Is one hybrid designed like an iron and the other like a fairway wood?

Tony


I'm no expert on the offset on hybrids or fairway woods. I have two cheap hybrids that I bought a while back just to see if I liked them and both fall just about in between the description of yours. Shaft just ahead of the top edge and just behind the bottom edge.

I figure you just have one club with a lot of offset and another one without any. But that's just a guess.

0

Share this post


Link to post
Share on other sites

Thanks... but let me re-phrase this a bit.

My X20's are pretty much 0.... you are right...

I'm not surprised you're unsure of the offset - Callaway usually omits offset from specs sheet. I had to e-mail Calla for the full engineer specs to find out. Here's a comparison of offset from irons circa 2009:

Offset (inches)

3i

PW

X20

0.270

0.200

X20 Tour

0.145

0.075

Miz MP57

0.161

0.114

Miz MX200

0.211

0.142

Here's a more detailed discussion of offset from club designer Ralph Maltby's site: http://www.ralphmaltby.com/forum/topic/33?page=1#number2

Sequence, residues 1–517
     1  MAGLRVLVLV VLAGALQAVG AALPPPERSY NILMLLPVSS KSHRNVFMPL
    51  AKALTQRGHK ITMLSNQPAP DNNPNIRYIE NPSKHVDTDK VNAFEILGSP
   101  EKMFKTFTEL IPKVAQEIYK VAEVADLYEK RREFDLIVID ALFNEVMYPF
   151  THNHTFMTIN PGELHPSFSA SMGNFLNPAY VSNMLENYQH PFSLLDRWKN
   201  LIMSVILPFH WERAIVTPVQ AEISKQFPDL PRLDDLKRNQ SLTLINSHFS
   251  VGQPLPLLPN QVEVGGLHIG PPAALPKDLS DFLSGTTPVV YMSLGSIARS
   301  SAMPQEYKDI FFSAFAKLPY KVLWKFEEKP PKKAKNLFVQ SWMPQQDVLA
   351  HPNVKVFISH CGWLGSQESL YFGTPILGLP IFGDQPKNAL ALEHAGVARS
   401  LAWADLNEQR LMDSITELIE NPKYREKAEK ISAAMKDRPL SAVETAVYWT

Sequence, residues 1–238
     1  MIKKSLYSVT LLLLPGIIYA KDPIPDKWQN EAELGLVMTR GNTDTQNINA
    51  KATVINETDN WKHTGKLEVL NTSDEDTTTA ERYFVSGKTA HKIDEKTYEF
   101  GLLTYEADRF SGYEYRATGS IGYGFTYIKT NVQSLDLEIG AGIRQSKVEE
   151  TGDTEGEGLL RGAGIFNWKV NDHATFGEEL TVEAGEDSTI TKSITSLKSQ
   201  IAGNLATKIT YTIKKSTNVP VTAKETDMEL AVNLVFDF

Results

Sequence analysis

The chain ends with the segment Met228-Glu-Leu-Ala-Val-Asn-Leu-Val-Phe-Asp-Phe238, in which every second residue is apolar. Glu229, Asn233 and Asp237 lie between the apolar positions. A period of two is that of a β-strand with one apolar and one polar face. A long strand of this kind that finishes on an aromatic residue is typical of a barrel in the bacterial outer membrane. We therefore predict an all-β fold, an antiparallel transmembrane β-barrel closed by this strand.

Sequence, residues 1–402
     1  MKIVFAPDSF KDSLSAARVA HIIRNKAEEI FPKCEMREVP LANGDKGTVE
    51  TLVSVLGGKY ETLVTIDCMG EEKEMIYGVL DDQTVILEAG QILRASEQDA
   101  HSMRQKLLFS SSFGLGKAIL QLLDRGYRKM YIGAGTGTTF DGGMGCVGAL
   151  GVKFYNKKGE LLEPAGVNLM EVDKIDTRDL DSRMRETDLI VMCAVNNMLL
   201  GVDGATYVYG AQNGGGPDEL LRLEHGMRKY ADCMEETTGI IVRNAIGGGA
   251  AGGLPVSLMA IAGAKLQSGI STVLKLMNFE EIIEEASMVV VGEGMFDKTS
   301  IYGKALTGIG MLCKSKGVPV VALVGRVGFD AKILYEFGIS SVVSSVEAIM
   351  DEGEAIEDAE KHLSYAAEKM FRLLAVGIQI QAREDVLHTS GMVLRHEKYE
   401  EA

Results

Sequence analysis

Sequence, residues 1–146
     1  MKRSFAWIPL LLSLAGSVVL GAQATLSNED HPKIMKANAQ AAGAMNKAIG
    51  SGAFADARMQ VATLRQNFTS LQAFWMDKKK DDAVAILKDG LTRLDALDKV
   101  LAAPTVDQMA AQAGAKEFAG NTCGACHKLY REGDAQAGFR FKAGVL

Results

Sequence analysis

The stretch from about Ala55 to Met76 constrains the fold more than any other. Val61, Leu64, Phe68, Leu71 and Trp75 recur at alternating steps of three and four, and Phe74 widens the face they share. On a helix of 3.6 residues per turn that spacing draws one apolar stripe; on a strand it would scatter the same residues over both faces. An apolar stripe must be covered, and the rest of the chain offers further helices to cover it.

One thing offset does is promote better hand position for middle-HDCP golfers, which helps them launch the ball higher.

As for hybrids, I tested quite a few. The standard hybrids tend to have a fair amount of offset - and, although I have just average clubhead speed, I tended to hook them. The Tour or Pro heads have much less offset, and I hit them much straighter. The only problem: it's hard to find the Pro or Tour models with R-flex shafts.

As for hybrid design: Like wood or iron...

Hybrids have been around long enough to get complicated. The "traditional" hybrids (yes, we're there already!) were designed to fall between long irons and fairway woods in shaft length and loft. More recently, the club makers have come up with "iron replacement" hybrids. Case in point are the Mizuno JPX FLI-HI hybrids, which have the same shaft length and head loft as the numbered irons they are designed to replace. The 4H and the JPX family 4-irons both have 38.25" shafts and 22* loft.*

*Note: JPX-825 Pro 4i actually has 23* loft.

0

Share this post


Link to post
Share on other sites
Awards, Achievements, and Accolades

Offset helps you to hit the ball higher and gives you more time to close the face.  IMO, most people would benefit from offset, unless you hit the ball too high and your miss is a pull or hook.

Offset gives you almost no extra time to close the face. I've done the math on this elsewhere. It's negligible. Old wive's tale, basically, that it gives you more "time."